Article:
Solidarity among member states, one of the European Union’s (EU) fundamental values, has recently been put to the test by numerous and diverse challenges that have led to a “crisis of solidarity.” In the United Kingdom, the decision in June 2016 by the electorate to vote to leave the EU revealed the British dimension of this crisis. However, little is known about the perceptions of other European citizens on this decision, even though it has contributed to shaping the present and future of the EU. In this article, using a representative survey conducted in eight European countries, including the United Kingdom, we aim to explore and contrast cross-country evidence on individual perceptions on Brexit. We then aim to establish if an association exists between the opinions on Brexit and the individual solidaristic attitudes and concrete behaviors of the survey respondents. The complex relationship between opinions on this event and expressions of solidarity at different levels (local, national, European, and beyond) will be explored using multivariate regression techniques as well as the demographic and socioeconomic characteristics of the survey respondents.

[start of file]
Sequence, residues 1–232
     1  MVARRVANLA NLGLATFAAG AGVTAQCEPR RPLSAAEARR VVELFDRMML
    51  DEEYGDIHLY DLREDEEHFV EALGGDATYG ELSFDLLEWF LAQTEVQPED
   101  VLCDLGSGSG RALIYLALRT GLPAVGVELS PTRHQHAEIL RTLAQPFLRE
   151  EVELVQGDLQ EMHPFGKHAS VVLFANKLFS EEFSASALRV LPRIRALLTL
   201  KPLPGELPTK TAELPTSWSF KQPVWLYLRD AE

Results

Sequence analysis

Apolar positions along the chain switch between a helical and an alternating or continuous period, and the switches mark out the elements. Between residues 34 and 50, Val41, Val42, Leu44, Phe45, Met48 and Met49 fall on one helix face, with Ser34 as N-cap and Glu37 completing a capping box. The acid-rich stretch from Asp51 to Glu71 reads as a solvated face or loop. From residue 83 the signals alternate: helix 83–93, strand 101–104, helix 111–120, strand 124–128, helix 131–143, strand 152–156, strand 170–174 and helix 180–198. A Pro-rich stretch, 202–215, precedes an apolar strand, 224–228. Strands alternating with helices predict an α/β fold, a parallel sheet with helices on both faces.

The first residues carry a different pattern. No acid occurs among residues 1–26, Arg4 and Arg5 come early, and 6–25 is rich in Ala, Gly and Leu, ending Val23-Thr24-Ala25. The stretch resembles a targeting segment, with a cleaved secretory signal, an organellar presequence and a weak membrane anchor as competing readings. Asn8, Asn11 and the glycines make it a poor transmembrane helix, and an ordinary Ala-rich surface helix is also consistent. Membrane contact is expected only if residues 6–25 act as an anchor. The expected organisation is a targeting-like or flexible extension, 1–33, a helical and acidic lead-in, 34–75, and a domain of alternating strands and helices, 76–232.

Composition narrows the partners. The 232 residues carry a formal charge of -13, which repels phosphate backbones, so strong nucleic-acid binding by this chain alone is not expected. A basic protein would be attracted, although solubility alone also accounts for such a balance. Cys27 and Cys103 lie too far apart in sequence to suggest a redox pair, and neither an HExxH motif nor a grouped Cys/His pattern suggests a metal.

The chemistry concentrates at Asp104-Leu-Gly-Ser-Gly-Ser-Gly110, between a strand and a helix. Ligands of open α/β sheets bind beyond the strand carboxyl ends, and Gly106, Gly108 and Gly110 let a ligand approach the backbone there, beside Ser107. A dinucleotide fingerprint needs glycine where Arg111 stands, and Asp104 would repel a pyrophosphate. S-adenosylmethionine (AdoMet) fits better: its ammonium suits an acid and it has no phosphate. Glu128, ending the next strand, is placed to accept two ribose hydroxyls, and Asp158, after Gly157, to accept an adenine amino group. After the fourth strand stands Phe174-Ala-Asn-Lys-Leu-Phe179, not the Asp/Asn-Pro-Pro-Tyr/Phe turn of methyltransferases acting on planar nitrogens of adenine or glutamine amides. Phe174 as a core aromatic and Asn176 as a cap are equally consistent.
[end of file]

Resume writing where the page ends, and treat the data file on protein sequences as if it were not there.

- European Union
- free movement